Late last year in the middle of a storm over contentious decisions to abandon criminal cases against key Ruto allies, Haji hosted The Weekly Review in his boardroom and appeared unconcerned by the furore that had provoked calls for his resignation.
He patiently explained the history of each withdrawn case, pulling out volumes of prosecution guidelines that had apparently been drafted during the period he was engaged in titanic duels with Kinoti over who has the right to prosecute.
He insisted, even then, that his office never knowingly prosecuted anyone on false evidence, with the truth only coming out much later after investigating officers came clean on the pressure that allegedly faced from Kinoti.
That interview in The Weekly Review, Issue No 10 of November 6, 2022, might in hindsight well have been a dress rehearsal for his appearance before the Parliament vetting committee more than six months later.
Some of the issues raised then, such as whether Kinoti — who was drummed out of office as soon as Ruto took power — would be arrested and charged, remain germane.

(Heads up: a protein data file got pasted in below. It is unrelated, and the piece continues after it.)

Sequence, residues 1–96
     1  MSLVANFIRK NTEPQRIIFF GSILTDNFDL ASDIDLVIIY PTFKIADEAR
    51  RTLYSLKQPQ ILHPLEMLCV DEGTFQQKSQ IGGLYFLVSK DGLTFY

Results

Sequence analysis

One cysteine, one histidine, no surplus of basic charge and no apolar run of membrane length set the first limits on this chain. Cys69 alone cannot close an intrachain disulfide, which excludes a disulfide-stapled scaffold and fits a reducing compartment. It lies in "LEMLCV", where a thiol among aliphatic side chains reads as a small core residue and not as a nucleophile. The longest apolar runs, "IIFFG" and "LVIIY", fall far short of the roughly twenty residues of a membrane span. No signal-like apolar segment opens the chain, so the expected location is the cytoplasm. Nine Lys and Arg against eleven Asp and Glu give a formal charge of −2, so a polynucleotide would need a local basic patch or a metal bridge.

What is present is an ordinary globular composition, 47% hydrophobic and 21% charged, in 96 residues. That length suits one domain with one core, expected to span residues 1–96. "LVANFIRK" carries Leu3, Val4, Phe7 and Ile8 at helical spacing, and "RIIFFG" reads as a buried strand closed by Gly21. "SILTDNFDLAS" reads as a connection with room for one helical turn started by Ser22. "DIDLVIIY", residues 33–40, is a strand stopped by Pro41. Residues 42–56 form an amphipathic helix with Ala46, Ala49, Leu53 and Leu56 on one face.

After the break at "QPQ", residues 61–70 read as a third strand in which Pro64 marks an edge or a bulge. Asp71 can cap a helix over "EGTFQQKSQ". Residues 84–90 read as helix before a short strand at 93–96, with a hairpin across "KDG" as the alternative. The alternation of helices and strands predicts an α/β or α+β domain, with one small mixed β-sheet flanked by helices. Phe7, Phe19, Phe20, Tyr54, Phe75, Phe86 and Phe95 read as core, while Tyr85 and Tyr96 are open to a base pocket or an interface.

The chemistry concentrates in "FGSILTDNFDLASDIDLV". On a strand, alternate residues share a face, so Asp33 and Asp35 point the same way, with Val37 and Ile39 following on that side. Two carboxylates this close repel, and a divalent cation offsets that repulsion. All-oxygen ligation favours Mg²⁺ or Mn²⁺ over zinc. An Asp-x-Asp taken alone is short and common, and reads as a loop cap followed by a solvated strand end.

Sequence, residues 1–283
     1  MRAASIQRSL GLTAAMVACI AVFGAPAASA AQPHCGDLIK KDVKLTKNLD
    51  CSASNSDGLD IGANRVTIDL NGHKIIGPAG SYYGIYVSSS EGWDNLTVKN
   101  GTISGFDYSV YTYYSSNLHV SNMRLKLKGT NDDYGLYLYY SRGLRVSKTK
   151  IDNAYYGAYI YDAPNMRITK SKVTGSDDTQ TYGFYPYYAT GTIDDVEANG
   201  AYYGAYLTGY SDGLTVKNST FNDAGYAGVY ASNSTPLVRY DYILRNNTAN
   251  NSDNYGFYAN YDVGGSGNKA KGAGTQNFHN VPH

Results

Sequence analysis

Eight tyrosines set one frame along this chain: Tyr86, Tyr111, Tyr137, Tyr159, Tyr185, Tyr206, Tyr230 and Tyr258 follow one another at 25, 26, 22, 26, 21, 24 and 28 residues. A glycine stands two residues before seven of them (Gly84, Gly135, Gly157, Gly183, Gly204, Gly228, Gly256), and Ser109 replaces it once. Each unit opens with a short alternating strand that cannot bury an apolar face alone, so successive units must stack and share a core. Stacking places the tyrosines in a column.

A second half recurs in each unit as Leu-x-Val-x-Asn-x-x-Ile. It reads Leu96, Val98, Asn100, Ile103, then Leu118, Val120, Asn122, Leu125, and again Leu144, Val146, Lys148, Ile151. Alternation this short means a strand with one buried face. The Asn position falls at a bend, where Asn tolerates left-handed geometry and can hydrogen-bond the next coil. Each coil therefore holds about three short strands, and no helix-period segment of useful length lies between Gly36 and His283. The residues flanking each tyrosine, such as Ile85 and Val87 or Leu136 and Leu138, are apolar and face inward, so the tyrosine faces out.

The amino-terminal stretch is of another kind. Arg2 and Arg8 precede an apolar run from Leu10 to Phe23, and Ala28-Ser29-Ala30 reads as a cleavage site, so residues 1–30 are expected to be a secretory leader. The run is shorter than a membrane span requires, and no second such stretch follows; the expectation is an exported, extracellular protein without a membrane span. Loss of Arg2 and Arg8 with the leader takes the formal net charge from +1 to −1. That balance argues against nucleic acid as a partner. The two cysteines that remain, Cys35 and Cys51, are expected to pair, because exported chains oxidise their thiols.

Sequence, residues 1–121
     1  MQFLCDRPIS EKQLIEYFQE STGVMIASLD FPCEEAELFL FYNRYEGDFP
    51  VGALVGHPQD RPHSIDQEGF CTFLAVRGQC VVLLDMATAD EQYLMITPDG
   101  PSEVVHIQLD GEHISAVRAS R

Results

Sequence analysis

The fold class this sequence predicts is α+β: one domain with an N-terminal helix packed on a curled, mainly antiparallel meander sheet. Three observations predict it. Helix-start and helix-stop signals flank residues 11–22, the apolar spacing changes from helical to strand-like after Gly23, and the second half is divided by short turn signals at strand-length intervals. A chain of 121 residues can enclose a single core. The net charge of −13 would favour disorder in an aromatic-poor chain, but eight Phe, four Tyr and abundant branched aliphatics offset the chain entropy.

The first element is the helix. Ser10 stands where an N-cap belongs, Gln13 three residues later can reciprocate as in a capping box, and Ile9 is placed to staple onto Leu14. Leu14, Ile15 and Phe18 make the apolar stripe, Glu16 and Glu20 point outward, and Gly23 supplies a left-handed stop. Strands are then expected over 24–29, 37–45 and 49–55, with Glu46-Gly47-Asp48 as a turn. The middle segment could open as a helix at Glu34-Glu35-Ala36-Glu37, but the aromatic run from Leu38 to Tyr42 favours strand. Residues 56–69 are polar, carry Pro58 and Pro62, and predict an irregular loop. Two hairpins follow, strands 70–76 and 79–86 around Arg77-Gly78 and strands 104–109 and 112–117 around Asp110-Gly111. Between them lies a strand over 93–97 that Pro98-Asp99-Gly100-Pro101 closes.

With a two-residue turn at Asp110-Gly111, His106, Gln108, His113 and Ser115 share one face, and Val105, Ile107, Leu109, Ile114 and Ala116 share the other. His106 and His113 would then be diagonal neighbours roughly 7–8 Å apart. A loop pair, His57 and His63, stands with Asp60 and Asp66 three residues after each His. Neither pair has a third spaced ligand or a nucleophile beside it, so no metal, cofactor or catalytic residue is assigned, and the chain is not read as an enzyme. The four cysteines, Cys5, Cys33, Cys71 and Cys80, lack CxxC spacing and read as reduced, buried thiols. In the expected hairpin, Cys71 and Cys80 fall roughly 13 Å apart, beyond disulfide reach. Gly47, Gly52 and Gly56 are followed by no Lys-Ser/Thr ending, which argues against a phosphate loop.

Also still pending are issues arising from the disbandment of the DCI’s Special Service Unit over allegations of extra-judicial executions, including the kidnapping and presumed killing of Ruto’s foreign campaign consultants.
Haji flatly denied then that those dramatic developments were influenced by Ruto’s ascension to power.
There is still also a big question over why some of these things were only uncovered after the change of guard, and those questions will linger into Haji’s reign at the NIS, presuming he gets the nod. And, crucially, whether he will be the person to lead and offer independent intelligence analysis and advice.